Carbon Fiber Is Music to Composer’s Ears

Have you ever heard of the instrument known as the theorbo? If not, you are not alone. Needless to say, you might be surprised to see one at the next performance of your local Philharmonic Orchestra. You might be more surprised to see an electric theorbo developed by a Seattle composer who seems to always push the envelope of centuries-old musical styles.

The Sun Break published a story in November featuring Seattle musician Aaron Grad and his one-of-a-kind electric theorbo. Grad discovered the theorbo while still in school, instantly falling in love with the lute-like instrument and the Baroque music that made it so recognizable in the 17th century. Yet Grad was not content to satisfy his musical interest with a traditional wooden theorbo. He set out to create an electric version that could be used to create an entirely new sound.

Before explaining Grad’s invention, a basic understanding of the theorbo is necessary. A classic theorbo is a wooden instrument from the lute family. It has a curved sound box with a neck long enough to accommodate a minimum of 14 strings divided into fretted and open sets. Some theorbos have up to 19 strings.

The theorbo is played by plucking the strings with one hand while generating notes with the other based on where the fingers are placed along the neck. Traditional theorbo strings are gut strings, creating a unique sound the lute is known for.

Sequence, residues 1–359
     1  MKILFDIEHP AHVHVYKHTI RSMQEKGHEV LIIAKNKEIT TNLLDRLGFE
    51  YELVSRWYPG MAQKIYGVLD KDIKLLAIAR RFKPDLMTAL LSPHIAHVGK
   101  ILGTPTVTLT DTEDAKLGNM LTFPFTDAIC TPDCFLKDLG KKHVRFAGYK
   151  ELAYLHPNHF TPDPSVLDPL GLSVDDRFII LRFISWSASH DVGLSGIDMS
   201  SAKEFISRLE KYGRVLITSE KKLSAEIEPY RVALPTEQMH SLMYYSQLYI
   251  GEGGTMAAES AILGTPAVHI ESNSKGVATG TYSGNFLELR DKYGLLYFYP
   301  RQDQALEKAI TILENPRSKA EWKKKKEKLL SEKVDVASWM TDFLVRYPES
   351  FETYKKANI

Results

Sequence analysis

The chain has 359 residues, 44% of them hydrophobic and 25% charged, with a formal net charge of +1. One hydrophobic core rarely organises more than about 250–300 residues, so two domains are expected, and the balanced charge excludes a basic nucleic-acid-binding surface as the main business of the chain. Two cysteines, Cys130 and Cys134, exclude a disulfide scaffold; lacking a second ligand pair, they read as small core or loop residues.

• The Electric Theorbo

Creating his electric theorbo was no small feat for Grad. He spent months in his garage working out the logistics, according to the Sun Break. One of the first things he had to work through was creating a neck capable of supporting the load of more than two dozen steel strings. After all, you cannot make an electric instrument with gut strings.

To accommodate the tremendous stress of 14 steel strings, Grad settled on two engineering principles. First, he would split the single neck into two, one for the open notes and another for the fretted. The open neck would be situated on top as the player would not need access to it. The fretted neck would sit below.

Next, Grad needed a neck material that could withstand the load of steel strings. He turned to carbon fiber. Knowing what carbon fiber was doing for the aerospace industry, Grad determined it would be the perfect material for his theorbo. It could handle the load without affecting the sound of the instrument.

  • A Perfect Choice

Rock West Composites, a Utah company that sells carbon fiber prepregs, tubing and sheets, says that carbon fiber was the right choice for the electric theorbo. Not only can carbon fiber withstand the load of 14 electric strings, but it can also hold up to the wear and tear of regular use much better than wood.

As for the instrument’s sound, Grad doesn’t have to worry about the carbon fiber neck having an adverse effect because of the way electric strings interact with the theorbo’s pickups.

With a traditional wood theorbo, a wood neck makes an enormous difference. It creates a rich sound as vibrations from the gut strings resonate inside the wooden sound box. Attaching a carbon fiber neck to a wood-bodied theorbo would cause the sound to come out flat and dry. This is not a problem for the electric theorbo.

It turns out that carbon fiber was music to Grad’s ears. The revolutionary composite material is what made it possible to create this one-of-a-kind instrument that, at least for Grad, is changing the way classic Baroque music is played.